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Free Java IDE digests huge Sun code donation

Jun 29, 2004 — by LinuxDevices Staff — from the LinuxDevices Archive
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At the JavaOne tradeshow today in San Francisco, Sun Microsystems announced contributions to a new release of the free, open source NetBeans IDE that is expected to begin beta testing in July. The NetBeans 4.0 release will include full J2EE support, a performance profiler, refactoring capabilities, and expanded J2ME support.

Sun says it contributed 350,000 lines of code valued at $14 million to the new NetBeans release. The contributed code was first used in Sun's commercial Java Studio Standard IDE.

Support for J2EE (Java 2 Enterprise Edition) brings new web services development capabilities to NetBeans. Sun hopes the new capabilities will enable organizations to standardize on NetBeans for device, desktop, and web services application development.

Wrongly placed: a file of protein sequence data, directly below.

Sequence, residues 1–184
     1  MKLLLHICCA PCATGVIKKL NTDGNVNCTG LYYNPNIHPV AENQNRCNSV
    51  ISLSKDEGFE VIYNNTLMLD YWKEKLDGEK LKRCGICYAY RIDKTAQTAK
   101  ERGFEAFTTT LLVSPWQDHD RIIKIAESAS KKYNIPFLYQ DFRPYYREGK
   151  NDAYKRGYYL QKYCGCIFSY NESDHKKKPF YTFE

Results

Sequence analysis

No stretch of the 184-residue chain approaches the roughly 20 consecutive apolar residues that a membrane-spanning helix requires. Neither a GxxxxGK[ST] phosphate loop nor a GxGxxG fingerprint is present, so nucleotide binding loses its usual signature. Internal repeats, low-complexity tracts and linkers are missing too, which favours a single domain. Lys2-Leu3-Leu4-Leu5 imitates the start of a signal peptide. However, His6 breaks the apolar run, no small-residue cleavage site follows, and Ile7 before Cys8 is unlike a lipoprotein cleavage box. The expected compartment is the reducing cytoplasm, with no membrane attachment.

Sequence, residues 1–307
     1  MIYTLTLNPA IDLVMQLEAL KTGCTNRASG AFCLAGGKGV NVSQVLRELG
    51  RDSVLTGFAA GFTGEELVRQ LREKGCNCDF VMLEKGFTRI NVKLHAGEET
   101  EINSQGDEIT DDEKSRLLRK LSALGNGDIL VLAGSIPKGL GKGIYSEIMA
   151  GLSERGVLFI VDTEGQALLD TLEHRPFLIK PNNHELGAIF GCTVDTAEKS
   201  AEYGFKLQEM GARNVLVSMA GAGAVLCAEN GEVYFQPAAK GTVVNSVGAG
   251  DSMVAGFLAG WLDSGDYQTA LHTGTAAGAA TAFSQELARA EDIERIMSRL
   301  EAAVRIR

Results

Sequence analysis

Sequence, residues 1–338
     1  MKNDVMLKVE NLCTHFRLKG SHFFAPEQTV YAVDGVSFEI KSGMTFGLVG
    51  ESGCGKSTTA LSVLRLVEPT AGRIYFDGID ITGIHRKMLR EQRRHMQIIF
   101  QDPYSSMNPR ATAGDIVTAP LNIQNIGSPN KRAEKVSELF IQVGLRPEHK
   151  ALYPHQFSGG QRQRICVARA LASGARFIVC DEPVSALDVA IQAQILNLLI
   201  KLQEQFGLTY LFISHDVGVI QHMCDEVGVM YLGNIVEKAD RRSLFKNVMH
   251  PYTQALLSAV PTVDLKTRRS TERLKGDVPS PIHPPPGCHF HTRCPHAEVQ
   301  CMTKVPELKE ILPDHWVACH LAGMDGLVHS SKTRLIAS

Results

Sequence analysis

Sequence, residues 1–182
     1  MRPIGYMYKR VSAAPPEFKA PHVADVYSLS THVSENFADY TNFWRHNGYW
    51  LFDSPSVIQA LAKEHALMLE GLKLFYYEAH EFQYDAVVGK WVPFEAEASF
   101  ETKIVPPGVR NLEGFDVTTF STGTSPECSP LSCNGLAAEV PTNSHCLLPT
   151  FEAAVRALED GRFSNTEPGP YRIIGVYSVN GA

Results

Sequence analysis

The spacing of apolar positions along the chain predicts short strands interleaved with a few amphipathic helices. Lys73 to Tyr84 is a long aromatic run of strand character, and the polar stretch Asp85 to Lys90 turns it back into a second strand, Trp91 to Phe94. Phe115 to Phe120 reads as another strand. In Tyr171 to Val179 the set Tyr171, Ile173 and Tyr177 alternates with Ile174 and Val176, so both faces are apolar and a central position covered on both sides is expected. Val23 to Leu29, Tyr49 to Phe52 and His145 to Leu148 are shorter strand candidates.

Sun calls the new performance profiling tools in NetBeans 4.0 “state-of-the-art,” and says they will help application developers optimize their code by availing them of CPU and memory usage data.

The new refactoring features in NetBeans 4.0 will help simplify code maintenance, according to Sun. They are based on the Jackpot Project co-founded by Java creator James Gosling and colleagues at Sun.

The 4.0 NetBeans release also offers expanded support for Java 2 Platform Micro Edition (J2ME), used on many embedded devices based on Java and Linux. New J2ME support extends to next generation Java standards including:

  • Mobile Information Device Profile (MIDP) 2.0 (used in Motorola's Linux-based mobile phones, and elsewhere)
  • Connected Limited Device Configuration (CLDC) 1.1 (a “HotSpot Implementation” recently optimized for XScale)
  • J2ME Wireless Toolkit (WTK) 2.2, a utility suite announced yesterday.


 
This article was originally published on LinuxDevices and has been donated to the open source community by QuinStreet Inc. Please visit LinuxToday.com for up-to-date news and articles about Linux and open source.

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